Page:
That's my public service announcement for the year. Please educate yourself. It's not an ailment you want to play around with.

Monday, May 26, 2014

Three-Layer Yummy-- A Recipe For Kids

My son is a thinker. He thinks up all sorts of plans, ideas, and inventions. When it is his day as kitchen helper, he often thinks up elaborate ideas for snacks. These ideas are not remotely doable. However, while at my parents' house, he found my mother's stash of instant pudding, and this dessert was born.

Three-Layer Yummy

His creation requires: 
  • one box of banana pudding, prepared
  • some sliced bananas
  • one box of vanilla pudding, prepared
  • one box of chocolate pudding, prepared
  • graham crackers, crumbled
  • chocolate chips
Notice how there are no sizes or exact amounts? Well, that's what makes this dessert perfect for kids to make. Just layer it in a dish the way the child dictates. Seriously. Something like this just can't go wrong. But for those of you who need a little more direction, slice bananas in the bottom of a big bowl. Then spread the banana pudding over the bananas. Then crumble up some graham crackers in a layer over the pudding. Next spread a layer of vanilla pudding followed by more graham crackers. Then comes the chocolate pudding and another layer of graham crackers. Top it all off with some chocolate chips.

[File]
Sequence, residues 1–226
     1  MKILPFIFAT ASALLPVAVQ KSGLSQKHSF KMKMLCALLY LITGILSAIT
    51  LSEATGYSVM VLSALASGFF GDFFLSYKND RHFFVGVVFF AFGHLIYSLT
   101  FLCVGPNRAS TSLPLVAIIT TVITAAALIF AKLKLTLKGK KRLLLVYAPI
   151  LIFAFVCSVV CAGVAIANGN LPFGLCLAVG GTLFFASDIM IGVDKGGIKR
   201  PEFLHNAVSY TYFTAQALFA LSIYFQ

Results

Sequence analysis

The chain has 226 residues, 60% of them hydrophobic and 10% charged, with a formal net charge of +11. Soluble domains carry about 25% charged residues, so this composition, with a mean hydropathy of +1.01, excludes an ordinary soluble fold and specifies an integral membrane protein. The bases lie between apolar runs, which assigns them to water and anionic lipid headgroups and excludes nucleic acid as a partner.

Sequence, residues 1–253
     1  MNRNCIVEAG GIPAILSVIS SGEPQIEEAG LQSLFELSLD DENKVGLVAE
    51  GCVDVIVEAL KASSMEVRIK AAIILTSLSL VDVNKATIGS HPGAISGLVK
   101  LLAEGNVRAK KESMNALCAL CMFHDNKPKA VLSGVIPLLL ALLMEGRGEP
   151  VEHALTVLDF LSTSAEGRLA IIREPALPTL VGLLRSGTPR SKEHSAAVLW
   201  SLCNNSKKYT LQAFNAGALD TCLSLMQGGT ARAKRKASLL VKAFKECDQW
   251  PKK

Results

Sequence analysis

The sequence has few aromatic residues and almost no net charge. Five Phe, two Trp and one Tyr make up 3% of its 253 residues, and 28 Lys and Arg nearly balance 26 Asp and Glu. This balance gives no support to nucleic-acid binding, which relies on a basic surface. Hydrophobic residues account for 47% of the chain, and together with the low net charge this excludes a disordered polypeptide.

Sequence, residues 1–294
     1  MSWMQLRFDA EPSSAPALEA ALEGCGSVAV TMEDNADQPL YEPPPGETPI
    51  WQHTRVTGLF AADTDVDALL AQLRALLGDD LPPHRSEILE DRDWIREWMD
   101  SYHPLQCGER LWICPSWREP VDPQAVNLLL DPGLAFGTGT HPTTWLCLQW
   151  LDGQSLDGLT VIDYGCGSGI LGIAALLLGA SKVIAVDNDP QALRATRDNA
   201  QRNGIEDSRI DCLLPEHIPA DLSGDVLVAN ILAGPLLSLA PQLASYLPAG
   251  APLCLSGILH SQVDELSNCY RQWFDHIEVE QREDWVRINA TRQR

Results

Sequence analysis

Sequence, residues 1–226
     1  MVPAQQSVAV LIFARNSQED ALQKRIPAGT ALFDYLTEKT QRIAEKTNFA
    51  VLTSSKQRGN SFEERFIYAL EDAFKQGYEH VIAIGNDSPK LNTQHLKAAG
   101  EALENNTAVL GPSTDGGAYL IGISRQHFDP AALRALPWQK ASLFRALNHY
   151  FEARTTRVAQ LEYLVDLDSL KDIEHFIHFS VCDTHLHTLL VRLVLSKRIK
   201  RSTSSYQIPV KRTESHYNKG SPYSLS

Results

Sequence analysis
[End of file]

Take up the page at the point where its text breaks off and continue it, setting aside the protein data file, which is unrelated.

My son notes that you can use just about whatever pudding you want and put it together however you want--just don't use pistachio pudding!

Friday, May 23, 2014

Violets Are Blue or Purple

Well, a few weeks ago we got right back into the weed-eating. I'd not noticed it before, but this spring the children brought to my attention the violets that were growing all over our back yard. I guessed they were violets, but I didn't really even know. After consulting books and the internet, I found that they were indeed violets, and what's more, they are edible and healthy (lots of vitamin C).

So into the salad they went.

It was a spinach salad with dried cranberries and walnuts. The violets fit right in flavor-wise because the leaves tasted like the spinach. The flowers didn't have much of a taste that I noticed, but they sure do look pretty.

Now, before we go any further, please be smart. Don't go putting just any purple flower that grows in your yard in your salad bowl. Make sure you properly identify and research what you eat. And please don't just clip off some leaves and blossoms from your potted African violet. That's just not edible. Again, be smart.

Alas, I doubt we'll get to eat any more because the lawn was mowed. I know my children will keep their eyes open for them next spring.

Wednesday, May 21, 2014

Straddling the Fence

Well, it appears that one of two or three or four or five things has happened. Either

  1. I completely stumped all of my readers.  OR
  2. My geography question was so ridiculously easy that everybody thought it was just a rhetorical question.  OR
  3. Nobody really cared. OR
  4. I should've had a real prize. OR
  5. You forgot your homework.
Although you should perhaps have ventured a guess, I will tell you the answer. In the picture in the previous post, I was standing in two states. My left leg was in Pennsylvania, and my right leg was in Maryland. I was straddling the Mason Dixon Line. The stone marker you see is actually one of the special crownstones that was placed every 5 miles along the line. I suppose that means that the coat of arms you see is the Penn family coat of arms. The south side of the marker is the Calvert family coat of arms. This crownstone has sunken over time so that a large portion of it is buried. 

And there's your geography lesson for the week.